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Navsource Online: Destroyer Escort Photo Archive

USS Bivin (DE 536)

Flag Hoist / Radio Call Sign:
N - T - F - R
Awards, Citations and Campaign Ribbons

Precedence of awards is from top to bottom, left to right
Top Row: American Campaign Medal
Second Row: Asiatic-Pacific Campaign Medal - World War II Victory Medal - Philippine Liberation Ribbon

Class: John C. Butler
Type: WGT (geared-turbine drive, 5" guns)
Displacement: 1350 tons (light), 1745 tons (full)
Length: 300' (wl), 306' (oa)
Beam: 36' 10" (extreme)
Draft: 11' 0" (draft limit)
Propulsion: 2 "D" Express boilers, 2 geared turbine engines, 12,000 shp, 2 screws
Speed: 24 kts
Range: 6,000 nm @ 12 knots
Armament: 2 - 5"/38 cal. DP guns (2x1), 4 - 40mm AA (2x2), 10 - 20mm AA, 3 - 21" TT, 1 Mk10 Hedgehog, 8 Mk6 Depth Charge Projectors, 2 Mk9 Depth Charge Stern Racks
Complement: 14 / 201
Biven (DE 536) Building and Operational Data:
  • 3 November 1943: Keel laid by the Boston Navy Yard, Charlestown, Mass.
  • 7 December 1943: Launched and christened, sponsored by Mrs. Ella Florence Bivin, the mother of Seaman 1st Class Bivin
  • 31 October 1944: Commissioned, Lcdr Monroe Kelly, Jr., in command
  • 15 January 1947: Decommissioned at San Diego, Cal.
  • 30 June 1968: Stricken from the NVR
  • 17 July 1969: Sunk as target off California
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    Size Image Description Contributed
    By And/Or Copyright
    Bivin 9k Vernard Eugene Bivin was born in Greenville, Kentucky, on 23 November 1921. He enlisted in the Navy at Louisville, Kentucky, on 26 March 1940. Seaman 1st Class Bivin served as trainer on one of the heavy cruiser Salt Lake City's (CA 25) 5"/25 guns during the Battle of Cape Esperance on the night of 11-12 October 1942, when Task Group 62.4, under Rear Admiral Norman Scott, engaged a Japanese force of three heavy cruisers and two destroyers bent on shelling Henderson Field. Although Salt Lake City and light cruiser Boise (CL 47) crippled Japanese heavy cruiser Furutaka during that fierce night engagement; both cruisers suffered damage in the fierce night action. S1c Bivin remained at his battle station, executing his duties so well that none of the other members of the gunís crew knew he had been mortally wounded. Only when he collapsed during a lull in the battle, still trying to keep his pointers matched and the gun firing without cessation, did they learn of the extent of the young Kentuckianís injuries that ultimately claimed his life. His courageous devotion to duty resulted in his being awarded, posthumously, the Navy Cross.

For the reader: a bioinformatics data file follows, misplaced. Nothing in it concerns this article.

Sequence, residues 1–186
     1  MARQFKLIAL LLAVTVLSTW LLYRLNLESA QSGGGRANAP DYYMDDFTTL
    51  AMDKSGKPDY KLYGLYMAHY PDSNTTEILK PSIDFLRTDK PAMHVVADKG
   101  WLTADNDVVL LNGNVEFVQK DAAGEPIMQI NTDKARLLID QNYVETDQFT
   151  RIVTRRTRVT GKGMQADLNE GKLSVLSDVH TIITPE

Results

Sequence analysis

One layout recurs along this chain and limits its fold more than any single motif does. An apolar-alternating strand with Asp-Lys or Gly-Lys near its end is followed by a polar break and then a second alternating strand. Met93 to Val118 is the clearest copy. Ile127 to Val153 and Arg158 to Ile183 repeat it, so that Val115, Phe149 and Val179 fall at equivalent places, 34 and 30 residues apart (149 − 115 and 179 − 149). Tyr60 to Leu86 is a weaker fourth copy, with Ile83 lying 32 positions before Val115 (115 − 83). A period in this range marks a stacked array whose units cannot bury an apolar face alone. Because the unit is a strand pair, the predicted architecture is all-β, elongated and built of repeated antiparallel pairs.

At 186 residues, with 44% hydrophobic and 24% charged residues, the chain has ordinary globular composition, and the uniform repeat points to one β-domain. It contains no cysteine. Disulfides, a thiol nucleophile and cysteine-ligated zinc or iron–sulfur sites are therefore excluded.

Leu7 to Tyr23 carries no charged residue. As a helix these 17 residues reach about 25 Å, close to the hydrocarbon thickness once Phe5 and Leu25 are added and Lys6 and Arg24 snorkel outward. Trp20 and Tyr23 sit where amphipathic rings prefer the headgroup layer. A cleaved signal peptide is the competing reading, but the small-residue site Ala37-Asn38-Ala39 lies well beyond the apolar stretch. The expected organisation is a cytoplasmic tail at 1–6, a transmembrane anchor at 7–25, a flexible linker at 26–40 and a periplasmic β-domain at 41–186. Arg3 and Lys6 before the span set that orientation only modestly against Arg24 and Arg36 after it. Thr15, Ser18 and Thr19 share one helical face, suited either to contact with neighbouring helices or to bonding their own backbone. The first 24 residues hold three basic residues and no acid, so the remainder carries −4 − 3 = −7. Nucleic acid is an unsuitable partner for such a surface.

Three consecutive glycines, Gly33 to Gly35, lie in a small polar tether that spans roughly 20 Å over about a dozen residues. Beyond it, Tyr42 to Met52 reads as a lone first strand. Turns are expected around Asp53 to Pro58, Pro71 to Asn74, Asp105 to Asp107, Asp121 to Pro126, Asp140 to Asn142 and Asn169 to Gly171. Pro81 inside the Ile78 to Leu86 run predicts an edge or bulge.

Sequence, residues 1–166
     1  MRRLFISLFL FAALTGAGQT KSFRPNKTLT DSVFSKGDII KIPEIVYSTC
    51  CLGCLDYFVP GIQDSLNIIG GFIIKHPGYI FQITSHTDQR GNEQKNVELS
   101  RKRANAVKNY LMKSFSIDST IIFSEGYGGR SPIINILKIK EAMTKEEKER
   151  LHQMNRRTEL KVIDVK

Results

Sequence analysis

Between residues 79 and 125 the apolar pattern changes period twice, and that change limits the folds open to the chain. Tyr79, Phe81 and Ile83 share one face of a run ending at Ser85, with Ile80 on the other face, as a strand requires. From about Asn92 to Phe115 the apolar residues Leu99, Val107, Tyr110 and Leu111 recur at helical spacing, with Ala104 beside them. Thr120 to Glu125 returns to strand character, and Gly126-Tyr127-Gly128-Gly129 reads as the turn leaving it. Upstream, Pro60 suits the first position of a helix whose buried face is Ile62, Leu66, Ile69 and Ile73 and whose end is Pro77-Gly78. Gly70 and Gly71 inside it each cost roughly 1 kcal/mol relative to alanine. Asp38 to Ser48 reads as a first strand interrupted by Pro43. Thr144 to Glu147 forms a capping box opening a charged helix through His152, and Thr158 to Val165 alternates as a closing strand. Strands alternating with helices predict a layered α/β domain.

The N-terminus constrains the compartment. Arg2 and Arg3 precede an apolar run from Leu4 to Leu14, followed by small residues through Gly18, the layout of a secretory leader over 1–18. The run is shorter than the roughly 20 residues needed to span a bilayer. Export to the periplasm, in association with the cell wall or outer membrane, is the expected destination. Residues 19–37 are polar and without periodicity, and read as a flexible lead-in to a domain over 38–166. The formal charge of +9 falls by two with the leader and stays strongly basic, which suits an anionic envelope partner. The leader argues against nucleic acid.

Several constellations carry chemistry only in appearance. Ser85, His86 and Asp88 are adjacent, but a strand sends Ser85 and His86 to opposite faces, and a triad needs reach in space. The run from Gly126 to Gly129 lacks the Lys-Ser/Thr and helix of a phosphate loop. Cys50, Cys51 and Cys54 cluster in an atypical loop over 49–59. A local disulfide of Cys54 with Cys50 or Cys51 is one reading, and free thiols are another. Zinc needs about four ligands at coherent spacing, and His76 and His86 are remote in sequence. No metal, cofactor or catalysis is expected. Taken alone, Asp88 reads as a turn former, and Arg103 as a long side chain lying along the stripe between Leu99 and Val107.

USS Bivin (DE 536) (1944-1947) was the first ship to be named in his honor.

    (Photo © USS Salt Lake City Association courtesy of Sandy Eskew)
    Bill Gonyo
    Bivin 92k undated wartime image John Klar

    View the USS Bivin (DE 536) DANFS history entry
    located on the Naval History and Heritage Command web site.

    Crew Contact And Reunion Information

    Note About Contacts

    Contact information is compiled from various sources over a period of time and may, or may not, be correct. Every effort has been
    made to list the newest contact. However, our entry is only as good as the latest information that's been sent to us. We list only
    a contact for the ship if one has been sent to us. We do NOT have crew lists or rosters available. Please see the Frequently Asked
    Questions section on NavSource's Main Page for that information.

    Additional Resources

    Destroyer Escort Sailors Association
    Tin Can Sailors Shipmate Registry - USS Biven
    The Destroyer History Foundation
    To The DE Photo Index Page Back To The Main Photo Index

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    This Page Created And Maintained by Mike Smolinski
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    by Paul R. Yarnall, All Rights Reserved.
    Page Last Updated 12 April 2008